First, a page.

Installing a New Exterior Door
By Matt Weber
From cutting access to framing and installation.
I recently built a nice, big deck at the rear of our project house, but there wasn’t a door to access it from inside. I decided to install the door in the kitchen at the corner of the house, since the only other two options were the master bedroom or a bathroom. The kitchen posed problems of its own, with a huge set of oak cabinets leaving us only about 8 feet of wall space with which to work. The project was definitely a challenge, but I managed to support the ceiling, cut through the wall, reframe the wall and install the door. Here’s how it went.
Any time you’re cutting the studs out of a load-bearing wall, you must construct a temporary brace wall to support the overhead load. If you’re dealing with a multistory structure, I’d suggest consulting a structural engineer about how to support a heavy load. In this case I was working on the top floor with only the roof overhead, which is easily supported by the bracing techniques shown here. To build this, I first marked the proposed location of the door on the wall, and then marked the location of the ceiling joists. Make sure the brace wall runs perpendicular to the ceiling framing, otherwise you’re just holding up drywall.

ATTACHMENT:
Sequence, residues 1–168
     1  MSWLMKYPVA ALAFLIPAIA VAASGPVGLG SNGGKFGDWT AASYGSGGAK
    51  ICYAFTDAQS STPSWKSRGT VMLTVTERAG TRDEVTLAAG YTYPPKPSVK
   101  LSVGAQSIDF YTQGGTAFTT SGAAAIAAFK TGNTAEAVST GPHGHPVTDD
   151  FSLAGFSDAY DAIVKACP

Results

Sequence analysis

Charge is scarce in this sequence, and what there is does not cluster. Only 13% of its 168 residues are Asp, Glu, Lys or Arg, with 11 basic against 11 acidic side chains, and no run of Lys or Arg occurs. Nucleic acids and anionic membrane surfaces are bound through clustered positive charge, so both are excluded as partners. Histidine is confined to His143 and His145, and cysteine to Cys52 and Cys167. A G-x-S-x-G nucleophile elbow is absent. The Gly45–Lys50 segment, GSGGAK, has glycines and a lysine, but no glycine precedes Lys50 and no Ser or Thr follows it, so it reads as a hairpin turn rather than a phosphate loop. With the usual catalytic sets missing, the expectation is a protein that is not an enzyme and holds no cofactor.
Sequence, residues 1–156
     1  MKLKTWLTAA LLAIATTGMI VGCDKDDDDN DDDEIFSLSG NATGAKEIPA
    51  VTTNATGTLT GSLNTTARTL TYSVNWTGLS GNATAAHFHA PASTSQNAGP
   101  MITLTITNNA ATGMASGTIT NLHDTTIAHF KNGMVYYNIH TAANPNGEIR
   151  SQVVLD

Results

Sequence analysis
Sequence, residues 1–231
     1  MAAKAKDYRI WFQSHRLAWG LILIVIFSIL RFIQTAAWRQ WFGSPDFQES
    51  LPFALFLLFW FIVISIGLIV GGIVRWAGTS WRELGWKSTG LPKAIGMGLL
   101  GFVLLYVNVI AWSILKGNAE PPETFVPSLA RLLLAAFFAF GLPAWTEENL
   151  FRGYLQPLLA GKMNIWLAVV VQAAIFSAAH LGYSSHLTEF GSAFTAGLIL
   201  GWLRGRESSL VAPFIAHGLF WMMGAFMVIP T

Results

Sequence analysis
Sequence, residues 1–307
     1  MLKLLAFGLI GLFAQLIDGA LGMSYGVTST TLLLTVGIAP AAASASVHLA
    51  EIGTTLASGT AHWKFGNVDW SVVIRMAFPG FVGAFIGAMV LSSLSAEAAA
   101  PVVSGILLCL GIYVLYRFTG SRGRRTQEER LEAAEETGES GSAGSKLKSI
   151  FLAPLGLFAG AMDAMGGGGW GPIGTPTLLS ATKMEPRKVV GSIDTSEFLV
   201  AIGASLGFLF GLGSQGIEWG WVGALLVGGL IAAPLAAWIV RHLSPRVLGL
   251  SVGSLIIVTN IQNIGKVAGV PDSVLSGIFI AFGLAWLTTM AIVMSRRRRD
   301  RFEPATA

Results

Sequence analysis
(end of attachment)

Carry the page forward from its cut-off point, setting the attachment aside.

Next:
I then installed a top and bottom floor plate, each made of 2-by-10’s. Protect the flooring and finished ceiling by placing a few sheets of corrugated cardboard between the plates. Extend the brace wall so the top plate extends a few feet beyond each side of the proposed door location so the overhead framing is completely supported when you cut through the existing wall. Build it about 3 feet out from the wall you’re about to penetrate to allow room to work.
It’s nice to have an assistant hold the top and bottom plates while you install the temporary studs to support the ceiling, but I didn’t have that luxury. Instead, I used a T-Jak, which is a threaded, telescoping cabinet jack that works great for all sorts of overhead installations when you need a third hand. Beginning in the center, locate each 2-by-4 stud beneath the marks for the ceiling joists so you’re transferring the weight directly to the vertical support.
When installing the studs, don’t bang them with a hammer to wedge them in place—doing so risks damaging the floor and ceiling. Instead, “snug” them between the plates, using shims if necessary. To make sure they stay in place, I fasten them temporarily by toe-screwing the studs into each plate once they’re plumb.